HURON COUNTY – A public hearing and resolution regarding a moratorium was pulled from the agenda of Tuesday’s Huron County Board of Commissioners meeting after multiple residents and stakeholders voiced objections to a pause in wind energy development for county-zoned townships.
Commissioners had planned a public hearing at the request of DTE Energy during their regular meeting, but announced it would be postponed until 10 a.m. April 2 in the Huron County Circuit Courtroom. A second public hearing for all other interested parties will follow the 10 a.m. meeting.
Commissioner Dave Peruski said the board could take action following the two public hearings.
Commissioners also planned on Tuesday to vote on a resolution that would have imposed a moratorium on permits, licenses and approvals for any wind development. The proposed moratorium would have excluded the two developments who have site plan review applications pending before the Huron County Planning Commission, which are owned by RES Americas and Geronimo Wind Energy.
Huron County Building and Zoning Director Jeff Smith said he has received complaints claiming DTE requested a public hearing as a tactic to stall progress toward enacting a moratorium, but he said the utility was within its rights under the Zoning Enabling Act to have its position heard by the board.
“When you’re talking a zoning amendment, it doesn’t matter what it’s for, it could be setbacks for housing, wind turbines, any type of … land use ordinance that’s regulated by the Michigan Zoning Enabling Act, there’s a process for that adoption of that amendment,” Smith said.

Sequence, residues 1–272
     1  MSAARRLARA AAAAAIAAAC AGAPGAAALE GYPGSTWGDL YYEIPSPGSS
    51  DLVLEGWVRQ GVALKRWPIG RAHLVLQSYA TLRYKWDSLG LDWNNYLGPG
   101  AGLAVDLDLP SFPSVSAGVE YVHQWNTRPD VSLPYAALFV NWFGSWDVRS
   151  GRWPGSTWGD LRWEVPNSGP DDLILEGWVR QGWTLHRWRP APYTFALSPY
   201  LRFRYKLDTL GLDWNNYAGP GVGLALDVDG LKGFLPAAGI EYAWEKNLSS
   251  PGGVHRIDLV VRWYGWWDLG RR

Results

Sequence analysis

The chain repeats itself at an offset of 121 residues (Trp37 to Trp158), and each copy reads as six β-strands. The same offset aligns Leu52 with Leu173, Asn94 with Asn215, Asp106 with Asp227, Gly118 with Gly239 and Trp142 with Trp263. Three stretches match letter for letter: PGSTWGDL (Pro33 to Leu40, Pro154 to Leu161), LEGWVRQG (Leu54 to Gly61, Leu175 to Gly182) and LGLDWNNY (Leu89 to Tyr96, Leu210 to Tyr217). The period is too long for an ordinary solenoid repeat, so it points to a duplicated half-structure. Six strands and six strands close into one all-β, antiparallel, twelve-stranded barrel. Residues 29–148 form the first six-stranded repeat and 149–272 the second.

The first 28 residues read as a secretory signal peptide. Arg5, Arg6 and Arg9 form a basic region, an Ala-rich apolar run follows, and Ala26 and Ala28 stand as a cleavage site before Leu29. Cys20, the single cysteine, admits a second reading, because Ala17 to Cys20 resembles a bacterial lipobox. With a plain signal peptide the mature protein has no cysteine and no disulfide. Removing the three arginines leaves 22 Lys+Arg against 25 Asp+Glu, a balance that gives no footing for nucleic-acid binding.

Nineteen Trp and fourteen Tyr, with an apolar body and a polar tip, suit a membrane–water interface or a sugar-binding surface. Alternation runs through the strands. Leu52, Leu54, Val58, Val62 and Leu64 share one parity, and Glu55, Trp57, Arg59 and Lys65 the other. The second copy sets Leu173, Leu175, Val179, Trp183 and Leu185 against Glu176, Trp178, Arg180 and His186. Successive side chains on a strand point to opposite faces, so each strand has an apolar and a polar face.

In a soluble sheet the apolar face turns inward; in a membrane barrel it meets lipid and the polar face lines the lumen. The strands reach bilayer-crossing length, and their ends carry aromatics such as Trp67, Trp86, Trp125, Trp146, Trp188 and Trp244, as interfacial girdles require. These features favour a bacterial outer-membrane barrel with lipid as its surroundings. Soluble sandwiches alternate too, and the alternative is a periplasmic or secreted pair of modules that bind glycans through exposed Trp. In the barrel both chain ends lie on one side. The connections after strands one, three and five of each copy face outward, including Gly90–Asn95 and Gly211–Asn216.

He said the public hearing that took place March 4 before the Huron County Planning Commission was the start of that process.
“The planning commission holds the public hearing, receives comment, and recommends to this board either to adopt or not adopt the zoning amendment. That’s the standard, status quo practice when it comes to zoning issues,” he said.
Once the planning commission makes that recommendation, the ordinance comes back to the county commissioners for action. At that point, the board may choose to hold an additional public hearing.
“But you are required to hold a public hearing if anyone requests such by certified mail,” he said.
He added that the county went through the process when it last amended the ordinance in 2010.
“I want everyone to remember that we are following the statutes as adopted by the state. A lot of times people don’t understand the process that is involved. It’s a lot of work getting it to this point,” he said.
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